Hanging Off Jefferson's Nose
I gather the book is an interesting story of the work involved, but that it is also a 'hurray' for America that doesn't provide a thoughtful look at the complete story of the place or people. Though he is commonly heralded as a great patriot that Coury would like us to emulate, he was a member of the Ku Klux Klan, working on a monument to the Confederacy. (Update, 10:20 AM, June 12, 2012: Elizabeth Burns at School Library Journal asked for a link about Borglum and the Klan. It is mentioned in several books, and at the PBS American Experience webpage about him.)
Hanging from Jefferson's Nose is by Tina Nichols Coury. Here's an excerpt from her website:
That land was taken without the consent of the Lakota people. The U.S. government has tried to settle with them by offering them money, but, that land is sacred to the Lakota's, and they were not, and are not interested in the money. They want the land.
The Lakota's do appear in Coury's book, but not in the way I just described. Here's the page they're on:
(Excerpted from Debbie Reese's American Indians in Children's Literature, 6/2/12.)
Here's the text for the page:
What were the political and economic pressures on the Lakota to give up their land? How did they respond to these pressures? Overall, what were their feelings about the Mt. Rushmore project. The book apparently doesn't answer these obvious questions.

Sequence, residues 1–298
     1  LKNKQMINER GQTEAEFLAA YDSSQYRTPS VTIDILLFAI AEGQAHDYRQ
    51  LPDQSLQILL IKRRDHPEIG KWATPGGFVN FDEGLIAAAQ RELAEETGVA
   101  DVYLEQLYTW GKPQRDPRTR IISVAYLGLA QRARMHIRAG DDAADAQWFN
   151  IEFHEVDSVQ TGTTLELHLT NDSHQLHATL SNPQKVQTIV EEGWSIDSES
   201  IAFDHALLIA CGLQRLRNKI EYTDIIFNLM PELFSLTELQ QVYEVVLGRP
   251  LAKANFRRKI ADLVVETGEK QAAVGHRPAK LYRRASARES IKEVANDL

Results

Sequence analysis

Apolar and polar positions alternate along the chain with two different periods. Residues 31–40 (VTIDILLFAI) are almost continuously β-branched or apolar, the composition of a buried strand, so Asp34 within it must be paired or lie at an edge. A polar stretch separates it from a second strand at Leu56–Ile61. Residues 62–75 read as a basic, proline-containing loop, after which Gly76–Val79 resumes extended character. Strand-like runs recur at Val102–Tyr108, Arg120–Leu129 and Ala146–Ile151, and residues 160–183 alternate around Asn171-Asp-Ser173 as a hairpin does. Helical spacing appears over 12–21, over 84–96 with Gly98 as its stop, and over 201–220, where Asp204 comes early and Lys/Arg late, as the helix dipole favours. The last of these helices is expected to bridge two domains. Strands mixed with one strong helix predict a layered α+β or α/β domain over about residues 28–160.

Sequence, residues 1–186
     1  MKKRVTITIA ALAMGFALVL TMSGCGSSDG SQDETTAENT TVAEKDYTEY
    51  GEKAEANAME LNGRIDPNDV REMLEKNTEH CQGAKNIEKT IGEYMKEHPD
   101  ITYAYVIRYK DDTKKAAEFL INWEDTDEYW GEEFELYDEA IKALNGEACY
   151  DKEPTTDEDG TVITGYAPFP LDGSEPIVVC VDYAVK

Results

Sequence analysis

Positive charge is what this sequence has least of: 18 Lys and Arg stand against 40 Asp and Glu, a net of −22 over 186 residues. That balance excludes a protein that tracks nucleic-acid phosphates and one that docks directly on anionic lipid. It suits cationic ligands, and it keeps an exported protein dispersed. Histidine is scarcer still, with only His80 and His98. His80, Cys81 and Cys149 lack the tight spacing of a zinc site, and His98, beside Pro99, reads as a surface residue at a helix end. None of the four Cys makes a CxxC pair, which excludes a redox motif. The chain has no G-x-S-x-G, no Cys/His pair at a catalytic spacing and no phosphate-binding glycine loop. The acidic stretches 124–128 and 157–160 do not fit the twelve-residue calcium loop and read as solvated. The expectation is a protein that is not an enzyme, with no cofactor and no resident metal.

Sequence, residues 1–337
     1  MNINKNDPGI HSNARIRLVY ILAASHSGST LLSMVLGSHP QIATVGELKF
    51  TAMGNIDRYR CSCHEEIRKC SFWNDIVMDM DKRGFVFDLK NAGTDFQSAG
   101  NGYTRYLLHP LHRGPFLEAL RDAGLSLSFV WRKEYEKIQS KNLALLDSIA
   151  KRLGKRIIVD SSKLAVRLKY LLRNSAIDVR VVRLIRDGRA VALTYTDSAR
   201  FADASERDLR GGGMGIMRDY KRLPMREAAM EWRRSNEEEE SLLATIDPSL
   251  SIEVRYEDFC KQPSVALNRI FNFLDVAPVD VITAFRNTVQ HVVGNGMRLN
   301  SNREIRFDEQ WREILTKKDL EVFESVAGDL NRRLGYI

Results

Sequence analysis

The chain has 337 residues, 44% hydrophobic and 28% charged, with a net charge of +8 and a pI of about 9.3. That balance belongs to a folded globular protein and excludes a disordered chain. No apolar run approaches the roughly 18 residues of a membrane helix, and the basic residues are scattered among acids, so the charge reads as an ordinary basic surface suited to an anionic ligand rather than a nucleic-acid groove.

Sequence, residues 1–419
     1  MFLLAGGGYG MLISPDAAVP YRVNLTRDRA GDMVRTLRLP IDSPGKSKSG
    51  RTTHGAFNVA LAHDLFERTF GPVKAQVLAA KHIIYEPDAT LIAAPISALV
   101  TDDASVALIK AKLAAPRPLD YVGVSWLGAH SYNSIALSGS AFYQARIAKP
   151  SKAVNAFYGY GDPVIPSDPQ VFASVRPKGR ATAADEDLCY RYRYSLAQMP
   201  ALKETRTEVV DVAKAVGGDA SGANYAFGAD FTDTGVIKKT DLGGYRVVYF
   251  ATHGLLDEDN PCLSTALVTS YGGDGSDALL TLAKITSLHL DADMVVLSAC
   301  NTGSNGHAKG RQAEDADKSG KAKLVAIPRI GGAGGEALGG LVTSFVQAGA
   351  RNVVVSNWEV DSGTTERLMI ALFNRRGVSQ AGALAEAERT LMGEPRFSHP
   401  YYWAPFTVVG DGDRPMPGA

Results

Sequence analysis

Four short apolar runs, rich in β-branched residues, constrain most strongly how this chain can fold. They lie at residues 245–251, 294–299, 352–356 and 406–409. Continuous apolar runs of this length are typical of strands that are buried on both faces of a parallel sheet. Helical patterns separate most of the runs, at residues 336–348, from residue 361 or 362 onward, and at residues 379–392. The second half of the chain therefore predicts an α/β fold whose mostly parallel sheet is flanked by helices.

Here's what the Wikipedia entry for Mt. Rushmore says about the same period:
As Six Grandfathers, the mountain was part of the route that Lakota leader Black Elk took in a spiritual journey that culminated at Harney Peak. Following a series of military campaigns from 1876 to 1877, the United States asserted control over the area, a claim that is still disputed on the basis of the 1868 Treaty of Fort Laramie (see section "Controversy" below).
As Reese observes, the all-night dance around a campfire is straight out of an old Western movie. She's never seen or heard of a genuine dance like this and neither have I. It looks like pure stereotyping: Indians as savages who express themselves with primitive actions rather than sophisticated words.
In short, Hanging from Jefferson's Nose is another in a long series of failed children's books. For more on Indians in children's literature, see Indian in Worse than Rotten, Ralph and Playing Indian in Not Me!
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